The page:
The Gospel Kingdom of Jesus Christ

By Pastor Benjamin Glaser - Posted at Thoughts From Parson Farms:

Praying for godly Civil Rulers in the Millennial Age

Good Morning!

The second petition of the Lord’s Prayer is an interesting part of Jesus’ message to His covenant people in regard to their responsibility to the world in which they live. We often hear people say or write that it is wrong to wish for Christ to reign as king over the nations during the time between His first and second advent. That it is trying to “build the kingdom of heaven on earth” to ask for our rulers and presidents to be godly men and our nations to reflect the wisdom and beauty of God’s truth. However, what we read today in the catechism is in fact the Prince of Peace imploring us to pray for this very thing, that the Kingdom Might Come.

For today’s catechism lesson we are going to be looking at some of the things we see as part and parcel of the role of prayer in enabling these blessings to come to pass, even in our own lifetime as the gospel goes forth and does its mighty work in the Great Commission. Here’s the Q/A:

Q. 191. What do we pray for in the second petition?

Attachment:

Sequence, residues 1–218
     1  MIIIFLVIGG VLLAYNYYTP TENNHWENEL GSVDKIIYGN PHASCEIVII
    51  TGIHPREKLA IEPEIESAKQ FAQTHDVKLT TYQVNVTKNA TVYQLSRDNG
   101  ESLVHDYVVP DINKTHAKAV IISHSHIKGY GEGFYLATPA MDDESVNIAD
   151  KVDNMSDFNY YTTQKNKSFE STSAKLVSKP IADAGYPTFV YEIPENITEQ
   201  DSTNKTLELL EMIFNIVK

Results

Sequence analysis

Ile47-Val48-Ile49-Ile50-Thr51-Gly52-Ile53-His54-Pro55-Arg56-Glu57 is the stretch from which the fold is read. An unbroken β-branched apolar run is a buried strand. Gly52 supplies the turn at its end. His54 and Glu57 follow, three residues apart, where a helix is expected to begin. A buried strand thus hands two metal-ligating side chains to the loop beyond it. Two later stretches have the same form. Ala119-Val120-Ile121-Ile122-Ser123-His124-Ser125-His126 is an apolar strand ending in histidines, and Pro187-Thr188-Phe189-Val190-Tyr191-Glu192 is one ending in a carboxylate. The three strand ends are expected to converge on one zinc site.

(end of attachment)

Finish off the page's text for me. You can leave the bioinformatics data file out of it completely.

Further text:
A. In the second petition, (which is, Thy kingdom come) acknowledging ourselves and all mankind to be by nature under the dominion of sin and Satan, we pray, that the kingdom of sin and Satan may be destroyed, the gospel propagated throughout the world, the Jews called, the fulness of the Gentiles brought in; the church furnished with all gospel-officers and ordinances, purged from corruption, countenanced and maintained by the civil magistrate: that the ordinances of Christ may be purely dispensed, and made effectual to the converting of those that are yet in their sins, and the confirming, comforting, and building up of those that are already converted: that Christ would rule in our hearts here, and hasten the time of his second coming, and our reigning with him forever: and that he would be pleased so to exercise the kingdom of his power in all the world, as may best conduce to these ends.


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